Take the 2-minute tour ×
Role-playing Games Stack Exchange is a question and answer site for gamemasters and players of tabletop, paper-and-pencil role-playing games. It's 100% free, no registration required.

I was considering using Deep Shroud, but have a question on attacking through the cloud it creates. The Effect reads: "You create a shroud of supernatural shadow around you. Until the end of your next turn, the space you occupy and each square adjacent to you are heavily obscured."

I know this affects anyone trying to attack the sorcerer while it's active, but does the sorcerer take a penalty to attacking anyone outside the AOE? (Say, an enemy in a well-lit square 8 squares away from the sorcerer while Deep Shroud is active?)

share|improve this question
    
For further amplification, 4e does have an acknowledged design flaw that they model "stuff blocking the view" and "lack of light" in the same way. –  Brian Ballsun-Stanton Oct 7 '13 at 23:17
add comment

1 Answer 1

That would make intuitive sense, but D&D 4e dispenses with intuition in favour of tightly-defined, interlocking rules that do all and only what they say they do.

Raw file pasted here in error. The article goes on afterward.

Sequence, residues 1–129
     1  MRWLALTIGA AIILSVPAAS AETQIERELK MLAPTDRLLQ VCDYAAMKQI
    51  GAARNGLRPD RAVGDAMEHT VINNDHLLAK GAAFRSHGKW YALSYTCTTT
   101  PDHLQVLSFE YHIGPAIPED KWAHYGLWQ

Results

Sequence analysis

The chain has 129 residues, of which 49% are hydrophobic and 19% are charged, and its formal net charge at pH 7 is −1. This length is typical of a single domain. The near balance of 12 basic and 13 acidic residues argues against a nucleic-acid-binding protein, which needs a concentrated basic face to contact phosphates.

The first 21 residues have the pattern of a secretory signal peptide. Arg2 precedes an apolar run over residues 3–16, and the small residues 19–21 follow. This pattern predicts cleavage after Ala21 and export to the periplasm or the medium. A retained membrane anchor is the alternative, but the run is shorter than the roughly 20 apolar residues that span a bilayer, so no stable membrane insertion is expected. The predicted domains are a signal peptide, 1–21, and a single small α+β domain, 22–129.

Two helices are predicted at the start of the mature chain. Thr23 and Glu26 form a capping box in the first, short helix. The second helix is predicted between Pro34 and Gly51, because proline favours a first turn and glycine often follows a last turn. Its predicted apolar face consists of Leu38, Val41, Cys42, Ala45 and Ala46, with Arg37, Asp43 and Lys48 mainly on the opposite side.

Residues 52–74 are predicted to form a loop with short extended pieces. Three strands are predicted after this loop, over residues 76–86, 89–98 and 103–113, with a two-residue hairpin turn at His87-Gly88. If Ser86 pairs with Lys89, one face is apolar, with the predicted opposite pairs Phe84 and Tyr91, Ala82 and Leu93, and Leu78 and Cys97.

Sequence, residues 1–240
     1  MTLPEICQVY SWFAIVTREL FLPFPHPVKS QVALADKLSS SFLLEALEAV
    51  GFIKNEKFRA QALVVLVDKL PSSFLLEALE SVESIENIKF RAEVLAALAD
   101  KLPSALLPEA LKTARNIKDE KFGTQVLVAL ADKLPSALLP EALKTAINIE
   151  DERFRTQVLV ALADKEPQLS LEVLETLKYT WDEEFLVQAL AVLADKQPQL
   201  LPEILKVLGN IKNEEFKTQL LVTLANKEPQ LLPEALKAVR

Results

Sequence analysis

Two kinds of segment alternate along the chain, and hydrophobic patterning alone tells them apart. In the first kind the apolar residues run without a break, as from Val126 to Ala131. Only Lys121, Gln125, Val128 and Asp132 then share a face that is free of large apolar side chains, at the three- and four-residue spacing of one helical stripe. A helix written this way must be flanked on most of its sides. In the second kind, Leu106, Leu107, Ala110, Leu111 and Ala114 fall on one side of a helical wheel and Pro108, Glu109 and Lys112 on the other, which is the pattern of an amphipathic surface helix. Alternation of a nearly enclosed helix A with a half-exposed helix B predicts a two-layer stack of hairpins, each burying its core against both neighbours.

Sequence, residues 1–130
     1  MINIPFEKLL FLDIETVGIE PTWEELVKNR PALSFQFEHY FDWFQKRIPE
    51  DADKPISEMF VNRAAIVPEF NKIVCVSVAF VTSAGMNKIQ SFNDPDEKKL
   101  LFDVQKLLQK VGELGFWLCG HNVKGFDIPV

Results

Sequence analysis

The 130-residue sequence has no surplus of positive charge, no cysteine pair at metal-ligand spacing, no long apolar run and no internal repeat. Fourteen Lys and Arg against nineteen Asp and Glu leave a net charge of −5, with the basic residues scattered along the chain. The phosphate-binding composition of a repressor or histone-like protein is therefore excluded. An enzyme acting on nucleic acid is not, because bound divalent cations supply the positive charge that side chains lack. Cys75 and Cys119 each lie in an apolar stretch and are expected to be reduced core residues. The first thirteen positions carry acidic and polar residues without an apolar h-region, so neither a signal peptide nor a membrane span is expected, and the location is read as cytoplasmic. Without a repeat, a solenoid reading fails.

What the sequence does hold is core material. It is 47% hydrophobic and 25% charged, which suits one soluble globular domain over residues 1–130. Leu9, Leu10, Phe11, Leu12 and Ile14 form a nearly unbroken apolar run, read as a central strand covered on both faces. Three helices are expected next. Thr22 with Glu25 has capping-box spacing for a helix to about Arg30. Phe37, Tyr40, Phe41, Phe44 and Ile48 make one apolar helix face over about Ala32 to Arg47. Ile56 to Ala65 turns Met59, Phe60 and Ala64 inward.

In this case, we look at the definition of "obscured square".

The only effect of obscured squares is to grant concealment (Total Concealment in this case, of heavy obscurement) to targets in the affected squares. It has no effect on attacks targeting creatures in other squares, and no effect when a line of sight goes through them.

So no, your own Deep Shroud won't affect your own attacks. Even if a target was adjacent to you (and therefore in a heavily obscured square) you'd be fine since Total Concealment is only granted by heavily obscured squares when not adjacent to the target.

share|improve this answer
    
It is worth pointing out that while it may seem intuitive that lines of sight traced through obscured squares (especially when described as "heavy fog") should be in some way affected, they are not. Thus, even if there is a wall of heavy fog causing total obscurement in those squares between you and a target, you actually see that target just fine! –  Soulrift Oct 7 '13 at 21:30
    
Weird. Helpful and handy, but still weird. –  John W Oct 7 '13 at 22:11
1  
@Soulrift "In-too-ish-un"? This is 4e, there's no such thing. ;) (Thanks for the suggestion; done!) –  SevenSidedDie Oct 7 '13 at 22:21
add comment

Your Answer

 
discard

By posting your answer, you agree to the privacy policy and terms of service.

Not the answer you're looking for? Browse other questions tagged or ask your own question.